Sleep loss and change detection in simulated driving


Driver sleepiness is a leading contributor to road crashes. Sleep-related crashes are more likely to involve collision with a stationary object than non-sleep-related crashes. The mechanism underpinning this is unknown; one potential explanation may be an increased propensity for change blindness. Twenty-four drivers with at least one year of independent driving experience completed two simulated drives: one following a normal night of sleep (7–8 h) and one following sleep restriction (5 h). The drive consisted of 5 laps of an 11.3 km circuit, taking approximately 45 min. Each lap comprised half urban and half rural driving environments. Twenty times during the drive the visual screen was blanked for 500 ms, and when it reappeared participants were asked whether there were any changes. Twelve times a change occurred, and eight times no change occurred. Additionally, four unexpected changes occurred; for example, the language of the road signs was changed from English to German. At the end of each drive, participants were asked if anything unusual occurred. Sleep loss resulted in significantly increased subjective sleepiness and subjective workload. Driving in an urban environment did not increase alertness; subjective sleepiness ratings did not significantly differ between urban and rural environments. Change detection accuracy for both cued and unexpected changes was not significantly affected by sleep loss. In line with previous research, accuracy was greater for changes with high safety relevance and those occurring in rural environments. Collectively the findings of the study suggest that increase change blindness is probably not a contributor to sleep-related road crashes; however, future on-road research and with greater levels of sleep loss is needed to confirm findings.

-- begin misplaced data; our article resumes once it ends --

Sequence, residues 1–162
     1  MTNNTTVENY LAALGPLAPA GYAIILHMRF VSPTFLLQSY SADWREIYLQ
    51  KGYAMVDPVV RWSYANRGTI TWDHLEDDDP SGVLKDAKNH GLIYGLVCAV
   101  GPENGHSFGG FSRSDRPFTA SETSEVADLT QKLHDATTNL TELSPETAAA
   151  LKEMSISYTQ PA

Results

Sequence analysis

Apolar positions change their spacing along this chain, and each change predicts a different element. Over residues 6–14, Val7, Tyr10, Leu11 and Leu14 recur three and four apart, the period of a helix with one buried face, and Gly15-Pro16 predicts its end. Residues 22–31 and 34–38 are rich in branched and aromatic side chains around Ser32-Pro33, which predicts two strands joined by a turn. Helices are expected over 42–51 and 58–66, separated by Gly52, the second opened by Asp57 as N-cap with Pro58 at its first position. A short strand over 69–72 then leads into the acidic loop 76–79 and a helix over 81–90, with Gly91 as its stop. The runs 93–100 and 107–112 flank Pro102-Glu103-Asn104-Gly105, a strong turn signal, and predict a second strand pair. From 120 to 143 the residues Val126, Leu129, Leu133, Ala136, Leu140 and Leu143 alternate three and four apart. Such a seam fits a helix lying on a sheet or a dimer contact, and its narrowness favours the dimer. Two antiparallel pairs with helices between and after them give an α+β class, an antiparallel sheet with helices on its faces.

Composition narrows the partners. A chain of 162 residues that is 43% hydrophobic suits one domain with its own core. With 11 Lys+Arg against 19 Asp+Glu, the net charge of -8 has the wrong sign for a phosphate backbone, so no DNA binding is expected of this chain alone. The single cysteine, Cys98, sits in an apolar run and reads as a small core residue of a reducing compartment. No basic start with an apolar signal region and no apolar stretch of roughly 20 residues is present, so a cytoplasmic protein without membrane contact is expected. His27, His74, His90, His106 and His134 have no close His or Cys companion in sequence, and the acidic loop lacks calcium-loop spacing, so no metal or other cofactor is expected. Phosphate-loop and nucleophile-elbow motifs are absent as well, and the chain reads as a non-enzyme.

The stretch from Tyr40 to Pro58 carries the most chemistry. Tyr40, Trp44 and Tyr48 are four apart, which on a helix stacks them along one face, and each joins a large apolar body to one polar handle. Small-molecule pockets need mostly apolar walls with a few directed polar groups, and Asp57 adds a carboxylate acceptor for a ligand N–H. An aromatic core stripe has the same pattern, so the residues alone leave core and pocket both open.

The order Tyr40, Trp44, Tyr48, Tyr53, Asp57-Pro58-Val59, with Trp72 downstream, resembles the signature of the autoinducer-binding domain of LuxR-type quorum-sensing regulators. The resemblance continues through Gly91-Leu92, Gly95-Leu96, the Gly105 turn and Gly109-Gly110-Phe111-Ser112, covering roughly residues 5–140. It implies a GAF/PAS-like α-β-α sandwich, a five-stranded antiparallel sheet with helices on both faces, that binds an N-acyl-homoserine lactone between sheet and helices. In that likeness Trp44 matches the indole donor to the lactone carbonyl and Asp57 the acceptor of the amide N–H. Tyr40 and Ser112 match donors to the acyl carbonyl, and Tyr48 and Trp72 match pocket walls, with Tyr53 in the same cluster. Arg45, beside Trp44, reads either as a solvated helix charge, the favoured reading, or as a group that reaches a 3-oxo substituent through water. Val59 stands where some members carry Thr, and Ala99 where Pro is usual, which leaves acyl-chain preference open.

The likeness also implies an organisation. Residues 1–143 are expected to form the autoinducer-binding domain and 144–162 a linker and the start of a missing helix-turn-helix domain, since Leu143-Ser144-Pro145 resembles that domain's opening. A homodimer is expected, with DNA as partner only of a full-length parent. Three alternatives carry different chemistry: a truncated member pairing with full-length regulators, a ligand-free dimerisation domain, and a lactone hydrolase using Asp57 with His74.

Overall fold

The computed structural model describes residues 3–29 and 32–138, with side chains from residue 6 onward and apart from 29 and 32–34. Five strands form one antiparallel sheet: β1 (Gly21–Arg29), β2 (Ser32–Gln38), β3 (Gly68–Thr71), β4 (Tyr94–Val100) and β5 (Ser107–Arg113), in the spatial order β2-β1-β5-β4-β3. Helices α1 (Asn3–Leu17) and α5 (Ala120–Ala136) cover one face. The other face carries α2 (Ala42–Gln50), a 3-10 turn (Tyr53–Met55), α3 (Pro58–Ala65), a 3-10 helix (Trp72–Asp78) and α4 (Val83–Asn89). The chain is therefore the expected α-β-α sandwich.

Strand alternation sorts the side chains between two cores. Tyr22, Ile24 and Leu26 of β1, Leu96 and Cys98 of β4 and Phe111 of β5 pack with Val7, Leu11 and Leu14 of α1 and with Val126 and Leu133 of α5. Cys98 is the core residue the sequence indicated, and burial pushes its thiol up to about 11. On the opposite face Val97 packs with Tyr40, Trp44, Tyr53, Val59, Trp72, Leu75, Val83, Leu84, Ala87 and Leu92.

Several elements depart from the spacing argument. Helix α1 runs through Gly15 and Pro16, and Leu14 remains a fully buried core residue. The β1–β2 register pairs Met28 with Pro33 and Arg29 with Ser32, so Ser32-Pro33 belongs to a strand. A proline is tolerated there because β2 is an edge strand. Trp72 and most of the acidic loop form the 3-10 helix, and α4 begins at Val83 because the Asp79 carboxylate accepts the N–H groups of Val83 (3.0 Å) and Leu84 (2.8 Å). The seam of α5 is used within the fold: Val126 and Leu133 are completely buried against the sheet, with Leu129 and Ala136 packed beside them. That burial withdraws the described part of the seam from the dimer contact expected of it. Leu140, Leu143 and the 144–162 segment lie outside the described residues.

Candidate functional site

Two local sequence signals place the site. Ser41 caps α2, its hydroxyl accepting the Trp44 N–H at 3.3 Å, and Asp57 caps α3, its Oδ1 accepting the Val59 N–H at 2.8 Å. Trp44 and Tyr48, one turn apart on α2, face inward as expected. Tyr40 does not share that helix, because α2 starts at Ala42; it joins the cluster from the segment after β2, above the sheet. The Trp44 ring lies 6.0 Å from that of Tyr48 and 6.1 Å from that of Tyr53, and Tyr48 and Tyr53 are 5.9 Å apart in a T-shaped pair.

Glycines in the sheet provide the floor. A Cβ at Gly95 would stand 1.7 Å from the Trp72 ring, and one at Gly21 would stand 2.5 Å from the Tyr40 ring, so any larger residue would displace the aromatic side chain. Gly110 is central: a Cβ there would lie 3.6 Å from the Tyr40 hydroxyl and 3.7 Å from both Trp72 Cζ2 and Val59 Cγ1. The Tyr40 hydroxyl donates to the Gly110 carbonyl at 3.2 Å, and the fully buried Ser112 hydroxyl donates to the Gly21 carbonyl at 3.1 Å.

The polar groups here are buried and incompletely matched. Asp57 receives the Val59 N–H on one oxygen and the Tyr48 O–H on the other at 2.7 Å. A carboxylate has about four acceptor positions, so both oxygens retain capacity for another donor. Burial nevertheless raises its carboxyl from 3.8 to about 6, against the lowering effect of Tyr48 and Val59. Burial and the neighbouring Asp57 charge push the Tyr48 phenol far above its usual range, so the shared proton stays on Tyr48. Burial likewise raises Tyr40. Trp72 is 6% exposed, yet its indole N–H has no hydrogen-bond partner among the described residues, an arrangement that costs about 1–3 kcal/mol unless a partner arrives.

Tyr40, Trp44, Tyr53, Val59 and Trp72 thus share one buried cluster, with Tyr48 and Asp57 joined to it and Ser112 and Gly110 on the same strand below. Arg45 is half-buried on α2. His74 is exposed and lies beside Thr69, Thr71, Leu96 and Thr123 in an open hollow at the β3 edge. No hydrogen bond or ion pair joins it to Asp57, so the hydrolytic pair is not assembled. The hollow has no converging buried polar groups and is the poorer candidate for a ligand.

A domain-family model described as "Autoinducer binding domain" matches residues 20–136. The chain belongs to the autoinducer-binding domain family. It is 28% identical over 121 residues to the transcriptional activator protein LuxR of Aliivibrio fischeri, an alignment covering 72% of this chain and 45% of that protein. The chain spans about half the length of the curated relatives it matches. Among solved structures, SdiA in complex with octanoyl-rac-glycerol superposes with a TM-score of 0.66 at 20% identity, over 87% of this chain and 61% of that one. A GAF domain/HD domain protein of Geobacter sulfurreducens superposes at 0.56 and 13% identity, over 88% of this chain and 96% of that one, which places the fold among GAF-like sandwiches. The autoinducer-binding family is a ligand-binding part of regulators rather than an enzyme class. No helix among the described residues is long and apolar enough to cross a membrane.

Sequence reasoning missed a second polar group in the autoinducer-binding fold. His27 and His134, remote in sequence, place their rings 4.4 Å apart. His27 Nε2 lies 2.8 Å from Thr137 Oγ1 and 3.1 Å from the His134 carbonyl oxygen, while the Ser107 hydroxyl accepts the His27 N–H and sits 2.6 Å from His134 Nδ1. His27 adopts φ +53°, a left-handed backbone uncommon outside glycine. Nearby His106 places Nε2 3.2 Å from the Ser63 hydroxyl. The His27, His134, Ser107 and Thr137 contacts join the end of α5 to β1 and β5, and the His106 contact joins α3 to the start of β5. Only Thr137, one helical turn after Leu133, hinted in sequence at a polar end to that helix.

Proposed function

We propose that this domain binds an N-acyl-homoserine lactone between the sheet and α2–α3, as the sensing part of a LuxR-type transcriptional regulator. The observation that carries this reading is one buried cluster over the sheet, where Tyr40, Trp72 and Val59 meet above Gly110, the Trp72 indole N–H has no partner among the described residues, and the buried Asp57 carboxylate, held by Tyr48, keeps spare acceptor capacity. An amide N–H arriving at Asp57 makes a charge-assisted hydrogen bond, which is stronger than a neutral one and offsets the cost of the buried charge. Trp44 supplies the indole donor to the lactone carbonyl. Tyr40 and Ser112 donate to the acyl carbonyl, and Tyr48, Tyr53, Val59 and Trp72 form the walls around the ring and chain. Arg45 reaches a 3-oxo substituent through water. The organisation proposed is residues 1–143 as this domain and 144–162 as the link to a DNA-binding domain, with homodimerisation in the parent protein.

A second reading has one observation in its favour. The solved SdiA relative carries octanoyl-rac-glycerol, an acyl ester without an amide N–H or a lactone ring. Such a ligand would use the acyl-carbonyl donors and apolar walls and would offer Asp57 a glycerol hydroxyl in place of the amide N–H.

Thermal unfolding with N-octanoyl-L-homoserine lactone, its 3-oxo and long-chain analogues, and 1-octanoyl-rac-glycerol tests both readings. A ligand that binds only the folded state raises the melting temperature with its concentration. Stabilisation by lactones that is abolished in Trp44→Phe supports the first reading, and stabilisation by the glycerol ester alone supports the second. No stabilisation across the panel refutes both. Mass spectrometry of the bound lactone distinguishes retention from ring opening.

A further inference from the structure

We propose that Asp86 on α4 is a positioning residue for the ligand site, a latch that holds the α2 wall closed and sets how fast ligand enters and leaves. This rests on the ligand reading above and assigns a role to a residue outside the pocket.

Chronobiology International